In 1789, Antoine Lavoisier published a list of 33 chemical elements.
Lavoisier grouped the elements into gases , metals , non-metals , and earths .
Johann Wolfgang Döbereiner observed that many of the elements could be grouped into triads (groups of three) based on their chemical properties. Lithium , sodium , and potassium , for example, were grouped together as being soft, reactive metals.
Döbereiner also observed that, when arranged by atomic weight, the second member of each triad was roughly the average of the first and the third. Same is true for other properties like Density. These groups were known as Döbereiner’s triads .
John Alexander Reina Newlands published a series of papers in 1864 and 1865 that described his attempt at classifying the elements: When listed in order of increasing atomic weight, similar physical and chemical properties recurred at intervals of eight , which he likened to the octaves of music .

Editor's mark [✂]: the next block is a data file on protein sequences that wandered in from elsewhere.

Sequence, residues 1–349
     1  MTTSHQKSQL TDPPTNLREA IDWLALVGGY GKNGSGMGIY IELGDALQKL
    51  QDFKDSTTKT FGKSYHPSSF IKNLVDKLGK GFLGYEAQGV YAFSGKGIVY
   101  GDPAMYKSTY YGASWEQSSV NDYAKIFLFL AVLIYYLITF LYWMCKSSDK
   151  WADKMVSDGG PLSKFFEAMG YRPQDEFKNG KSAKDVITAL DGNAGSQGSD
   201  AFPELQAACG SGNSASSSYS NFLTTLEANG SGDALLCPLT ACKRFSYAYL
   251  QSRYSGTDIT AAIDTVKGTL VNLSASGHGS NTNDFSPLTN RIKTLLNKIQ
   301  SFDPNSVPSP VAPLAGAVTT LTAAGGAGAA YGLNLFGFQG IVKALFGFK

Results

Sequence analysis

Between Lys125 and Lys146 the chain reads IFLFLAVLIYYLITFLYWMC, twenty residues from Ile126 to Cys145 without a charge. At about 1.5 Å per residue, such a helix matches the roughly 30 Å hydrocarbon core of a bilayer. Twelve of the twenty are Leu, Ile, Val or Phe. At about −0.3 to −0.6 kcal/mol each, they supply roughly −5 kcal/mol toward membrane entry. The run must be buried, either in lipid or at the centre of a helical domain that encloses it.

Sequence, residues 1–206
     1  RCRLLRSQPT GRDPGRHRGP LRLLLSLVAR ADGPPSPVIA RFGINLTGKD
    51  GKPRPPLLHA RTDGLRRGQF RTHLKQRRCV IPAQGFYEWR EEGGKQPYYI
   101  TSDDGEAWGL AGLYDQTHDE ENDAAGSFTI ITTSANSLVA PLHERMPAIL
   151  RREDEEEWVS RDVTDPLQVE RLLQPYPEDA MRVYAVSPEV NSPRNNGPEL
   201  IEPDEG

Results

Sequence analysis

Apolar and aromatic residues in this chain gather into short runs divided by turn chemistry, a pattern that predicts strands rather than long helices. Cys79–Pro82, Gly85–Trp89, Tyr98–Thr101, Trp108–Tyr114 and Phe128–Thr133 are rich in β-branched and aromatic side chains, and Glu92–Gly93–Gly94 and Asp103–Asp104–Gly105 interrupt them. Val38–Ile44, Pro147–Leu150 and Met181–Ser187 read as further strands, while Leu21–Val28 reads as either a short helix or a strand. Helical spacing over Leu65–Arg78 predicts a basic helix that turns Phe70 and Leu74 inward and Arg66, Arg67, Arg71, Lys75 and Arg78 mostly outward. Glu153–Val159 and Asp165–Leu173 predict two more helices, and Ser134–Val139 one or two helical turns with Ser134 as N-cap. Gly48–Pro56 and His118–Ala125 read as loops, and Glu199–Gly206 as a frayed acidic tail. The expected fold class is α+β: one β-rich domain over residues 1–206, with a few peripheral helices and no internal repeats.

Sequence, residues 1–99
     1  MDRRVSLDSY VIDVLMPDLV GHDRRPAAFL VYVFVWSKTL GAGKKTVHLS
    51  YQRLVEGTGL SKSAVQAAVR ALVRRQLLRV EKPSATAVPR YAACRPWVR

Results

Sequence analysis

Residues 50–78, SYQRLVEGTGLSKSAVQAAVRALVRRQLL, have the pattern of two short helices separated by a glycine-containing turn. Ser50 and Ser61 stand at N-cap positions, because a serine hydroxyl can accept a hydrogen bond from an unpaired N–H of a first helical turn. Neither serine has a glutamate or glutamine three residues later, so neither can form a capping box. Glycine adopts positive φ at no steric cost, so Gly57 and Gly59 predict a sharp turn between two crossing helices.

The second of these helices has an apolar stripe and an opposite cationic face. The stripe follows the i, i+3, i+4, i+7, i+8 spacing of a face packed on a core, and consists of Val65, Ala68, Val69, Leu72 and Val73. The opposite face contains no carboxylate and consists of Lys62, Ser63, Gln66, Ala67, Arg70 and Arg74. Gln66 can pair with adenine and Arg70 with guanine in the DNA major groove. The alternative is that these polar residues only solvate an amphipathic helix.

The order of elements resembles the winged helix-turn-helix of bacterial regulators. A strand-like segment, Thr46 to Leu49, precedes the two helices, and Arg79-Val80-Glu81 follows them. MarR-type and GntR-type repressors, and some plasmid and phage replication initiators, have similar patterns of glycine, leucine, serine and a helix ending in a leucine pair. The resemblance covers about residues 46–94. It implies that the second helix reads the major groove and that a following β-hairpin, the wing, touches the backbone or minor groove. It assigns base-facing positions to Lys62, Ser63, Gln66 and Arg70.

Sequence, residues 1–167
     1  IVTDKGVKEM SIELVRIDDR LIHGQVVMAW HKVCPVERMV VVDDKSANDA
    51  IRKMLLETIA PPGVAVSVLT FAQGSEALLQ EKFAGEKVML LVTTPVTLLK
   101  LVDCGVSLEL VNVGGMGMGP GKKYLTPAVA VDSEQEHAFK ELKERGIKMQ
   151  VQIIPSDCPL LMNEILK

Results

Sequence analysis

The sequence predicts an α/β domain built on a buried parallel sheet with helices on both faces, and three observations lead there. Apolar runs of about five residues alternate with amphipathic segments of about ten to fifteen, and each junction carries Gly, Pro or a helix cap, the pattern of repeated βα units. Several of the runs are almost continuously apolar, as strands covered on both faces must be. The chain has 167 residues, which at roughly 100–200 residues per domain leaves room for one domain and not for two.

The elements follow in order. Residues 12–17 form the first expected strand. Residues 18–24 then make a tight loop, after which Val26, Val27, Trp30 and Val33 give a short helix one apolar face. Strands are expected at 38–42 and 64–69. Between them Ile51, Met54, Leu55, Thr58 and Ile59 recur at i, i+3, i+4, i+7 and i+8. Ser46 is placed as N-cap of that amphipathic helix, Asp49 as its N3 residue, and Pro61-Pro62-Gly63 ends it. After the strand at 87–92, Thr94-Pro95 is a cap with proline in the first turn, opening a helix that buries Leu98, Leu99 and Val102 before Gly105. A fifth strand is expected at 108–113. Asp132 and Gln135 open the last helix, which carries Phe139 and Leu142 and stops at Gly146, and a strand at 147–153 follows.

Dmitri Ivanovich Mendeleev and Julius Lothar Meyer independently published their periodic tables in 1869 and 1870, respectively.
They both constructed their tables in a similar manner, by listing the elements in a row or column in order of atomic weight and starting a new row or column when the characteristics of the elements began to repeat.
With the development of theories of atomic structure , it became apparent that Mendeleev had inadvertently listed the elements in order of increasing atomic number .
The modern version of the periodic table was based on the Periodic Law, which states that when elements are arranged in an increasing atomic number, their physical and chemical properties show periodic pattern.